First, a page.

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Dating Advice #184 - Platonic Dead-End

May 9, 2009 | by Rosie Einhorn, L.C.S.W. and Sherry Zimmerman, J.D., M.Sc.

He says she's the greatest woman in the world -- but he ain't getting' married!

Dear Rosie & Sherry,

I hope you'll be able to help me through this predicament. My neighbor moved in one year ago, and immediately he and I enjoyed each other's company. We talked, shared laughs, and told stories for hours. We soon found out how much we had in common; however, he had just gotten out of a relationship where he was burned. I decided to lay low and let him have his timing.

After a few months of hanging out on a consistent basis, I told him that I had developed feelings for him. But he said, "You're special, but I still don't want a relationship." He says how important his alone time is and that being a bachelor is the best position for him. Then he adds something to the effect of "Women are the root of all evil -- but not you, of course."

I tried to pull away two months ago, explaining that my feelings were beyond platonic and we couldn't keep spending time together if nothing was to progress. But I didn't succeed in pulling away, and now I'm back in the same stuck position.

Do I just stop seeing him completely? I don't know how to turn off my feelings for him. I am so confused and need some direction. I hope you can help.


Dear Debbie,

You've experienced one of the risks of male-female friendship. Two people hit it off from the beginning and start hanging out occasionally, and gradually one of them starts to develop feelings for the other that go beyond mere friendship. It's wonderful when the second person also begins to feel the same way, even if that was not the reason the two of them got together in the first place. But, when feelings are not reciprocated, it is very painful for the person who has strong feelings and would like to see the friendship evolve into something more.

We know how confusing this is for you. You see your friend as giving you mixed messages, that you are attractive and special, but he doesn't want a courtship. You don't know what to believe. So you hope that maybe this means that he will change his mind in the future.

He likes you as a person, but the two of you have no future.

It is clear to us that this man doesn't want a courtship. When you first met, he made it clear that he had been badly burned and wasn't ready to get involved with anyone. Now, a year later, he's still sure that he wants to stay a bachelor. Perhaps he hasn't finished healing from the break-up, has unresolved issues with women, and is happier being uninvolved. You have to take him at his word that marriage is not part of his life-plan at this point in time, and may never be. He really isn't giving you mixed messages. He's telling you that he likes you as a person, but that the two of you have no future.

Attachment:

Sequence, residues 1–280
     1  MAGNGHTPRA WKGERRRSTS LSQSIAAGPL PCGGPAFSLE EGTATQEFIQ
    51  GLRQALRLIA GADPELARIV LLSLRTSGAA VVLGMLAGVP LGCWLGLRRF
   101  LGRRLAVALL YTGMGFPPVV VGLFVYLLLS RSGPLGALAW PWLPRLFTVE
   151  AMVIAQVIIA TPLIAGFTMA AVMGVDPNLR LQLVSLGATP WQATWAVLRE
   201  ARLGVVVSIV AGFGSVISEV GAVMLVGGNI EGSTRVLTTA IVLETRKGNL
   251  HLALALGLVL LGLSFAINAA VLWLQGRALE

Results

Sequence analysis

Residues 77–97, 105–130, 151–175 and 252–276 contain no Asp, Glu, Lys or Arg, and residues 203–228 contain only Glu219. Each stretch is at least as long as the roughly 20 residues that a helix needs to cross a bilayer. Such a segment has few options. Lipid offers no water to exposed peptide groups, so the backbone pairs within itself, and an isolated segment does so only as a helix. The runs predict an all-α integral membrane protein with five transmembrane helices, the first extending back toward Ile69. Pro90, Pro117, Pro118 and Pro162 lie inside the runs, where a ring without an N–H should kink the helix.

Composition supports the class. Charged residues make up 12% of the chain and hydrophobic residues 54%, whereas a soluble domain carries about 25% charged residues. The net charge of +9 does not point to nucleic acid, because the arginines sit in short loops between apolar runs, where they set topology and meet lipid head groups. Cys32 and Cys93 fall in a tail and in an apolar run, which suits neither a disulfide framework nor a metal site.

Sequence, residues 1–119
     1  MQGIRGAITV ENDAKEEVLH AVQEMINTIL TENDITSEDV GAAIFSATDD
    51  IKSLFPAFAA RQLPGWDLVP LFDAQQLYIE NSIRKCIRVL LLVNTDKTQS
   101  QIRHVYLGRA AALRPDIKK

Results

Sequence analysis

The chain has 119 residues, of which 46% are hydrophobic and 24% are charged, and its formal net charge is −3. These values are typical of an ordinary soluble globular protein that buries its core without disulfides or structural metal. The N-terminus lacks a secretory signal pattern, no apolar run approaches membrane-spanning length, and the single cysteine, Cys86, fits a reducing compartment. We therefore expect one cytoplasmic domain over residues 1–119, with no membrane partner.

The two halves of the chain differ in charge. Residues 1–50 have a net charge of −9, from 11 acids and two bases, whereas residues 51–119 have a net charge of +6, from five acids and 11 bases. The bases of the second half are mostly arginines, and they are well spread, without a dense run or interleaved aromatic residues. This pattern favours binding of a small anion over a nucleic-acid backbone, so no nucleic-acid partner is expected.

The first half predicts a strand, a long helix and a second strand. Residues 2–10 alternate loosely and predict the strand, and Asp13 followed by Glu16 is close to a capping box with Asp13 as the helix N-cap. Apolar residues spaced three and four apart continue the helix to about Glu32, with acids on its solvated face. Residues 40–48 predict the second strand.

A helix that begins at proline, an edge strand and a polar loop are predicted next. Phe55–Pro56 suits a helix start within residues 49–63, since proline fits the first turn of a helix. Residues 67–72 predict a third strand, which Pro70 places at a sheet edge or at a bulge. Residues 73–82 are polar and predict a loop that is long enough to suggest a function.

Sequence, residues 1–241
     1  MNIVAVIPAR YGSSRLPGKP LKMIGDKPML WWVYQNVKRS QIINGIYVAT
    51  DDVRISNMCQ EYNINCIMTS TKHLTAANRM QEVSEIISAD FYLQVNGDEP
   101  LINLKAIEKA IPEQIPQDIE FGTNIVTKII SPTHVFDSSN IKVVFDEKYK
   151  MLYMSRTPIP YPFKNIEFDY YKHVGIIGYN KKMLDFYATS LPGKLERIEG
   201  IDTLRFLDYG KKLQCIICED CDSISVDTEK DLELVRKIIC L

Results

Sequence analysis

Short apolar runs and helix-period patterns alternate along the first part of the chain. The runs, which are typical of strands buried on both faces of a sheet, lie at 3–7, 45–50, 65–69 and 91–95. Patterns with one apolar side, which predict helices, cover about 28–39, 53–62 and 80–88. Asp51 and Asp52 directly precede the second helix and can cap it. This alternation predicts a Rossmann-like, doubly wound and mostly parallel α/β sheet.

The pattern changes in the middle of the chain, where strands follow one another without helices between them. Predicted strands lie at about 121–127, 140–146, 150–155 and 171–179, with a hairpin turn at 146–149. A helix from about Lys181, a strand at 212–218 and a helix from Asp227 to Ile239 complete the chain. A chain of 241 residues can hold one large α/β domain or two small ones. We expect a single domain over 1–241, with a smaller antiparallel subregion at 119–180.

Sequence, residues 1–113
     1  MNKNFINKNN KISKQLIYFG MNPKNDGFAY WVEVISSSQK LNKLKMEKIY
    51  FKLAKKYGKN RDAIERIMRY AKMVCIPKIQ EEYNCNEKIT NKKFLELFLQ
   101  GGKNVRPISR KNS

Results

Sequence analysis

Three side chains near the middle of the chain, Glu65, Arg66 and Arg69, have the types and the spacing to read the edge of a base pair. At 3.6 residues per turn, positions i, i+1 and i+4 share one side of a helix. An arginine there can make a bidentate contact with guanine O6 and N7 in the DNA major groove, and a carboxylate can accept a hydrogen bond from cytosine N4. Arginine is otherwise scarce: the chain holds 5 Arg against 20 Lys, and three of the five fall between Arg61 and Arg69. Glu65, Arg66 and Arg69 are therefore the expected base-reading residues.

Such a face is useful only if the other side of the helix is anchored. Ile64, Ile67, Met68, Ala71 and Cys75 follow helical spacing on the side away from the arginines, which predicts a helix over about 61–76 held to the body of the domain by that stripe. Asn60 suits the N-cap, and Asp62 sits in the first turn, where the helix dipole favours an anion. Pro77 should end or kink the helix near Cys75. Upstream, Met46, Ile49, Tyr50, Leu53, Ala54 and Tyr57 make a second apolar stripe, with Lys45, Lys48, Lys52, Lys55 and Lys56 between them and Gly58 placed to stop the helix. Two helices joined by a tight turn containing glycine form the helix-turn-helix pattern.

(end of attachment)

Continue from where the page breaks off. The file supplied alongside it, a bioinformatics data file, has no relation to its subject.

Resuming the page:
We know it will be hard for you to turn off your feelings for this man, but if you do not do so you will have a great deal of trouble moving on to something that wil genuinely lead to marriage. Your friend will always be on your mind. Maybe you'll wonder "what if" he changes his mind. Trust us, he won't. Even if he somehow decides to deal with his negative feelings toward women, you have no idea when this will happen, or whether he will ever look at you as more than a friend.

So how do you get over him?

First, we suggest that you admit to yourself that when the two of you first became friends, you harbored a secret hope that in time something more might develop between you. (You wrote: "I decided to lay low and let him have his timing.") Certainly, the fact that you started to see each other more frequently reinforced this hope. Admitting to that hope, and the fact that it didn't work out, is the first step to getting over him.

The next step is dealing with the sadness and sense of loss that you feel. These are all part of the mourning process that you have to go through.

While it would be wonderful for you to be able to move forward emotionally and nevertheless remain friends, we think it is an unlikely goal to accomplish.

A close platonic friendship means that you have less emotional energy to invest in a genuine courtship.

You can't fully deal with your sense of loss unless you change the nature of your friendship. You cannot have a platonic friendship -- an emotionally close but not physical relationship -- because it will prevent you from having closure. Without closure, you won't be able to move on. He'll always be at the back of your mind.

The easiest way to gain closure is to end your friendship. You should pick a calm time and explain why it has to be so. Things will be awkward at first, but the two of you will get accustomed to simply greeting each other and exchanging pleasantries. The problem with anything other than this, such as getting together once a week for dinner, is that you will still have an emotional investment in each other. You might compare future dates to him, or maintain a secret hope that he'll change his mind.

Even if you were able to really let go of your hope, the emotional energy you will continue to invest into a platonic friendship means that you'll have that much less emotional energy to invest in a genuine courtship that can lead to a lifetime of marital bliss. This, in fact, is a problem inherent in all close platonic friendships and is why we advice against them.

We hope that you will be able to get over this disappointment and move forward very soon. All the best,

Rosie & Sherry

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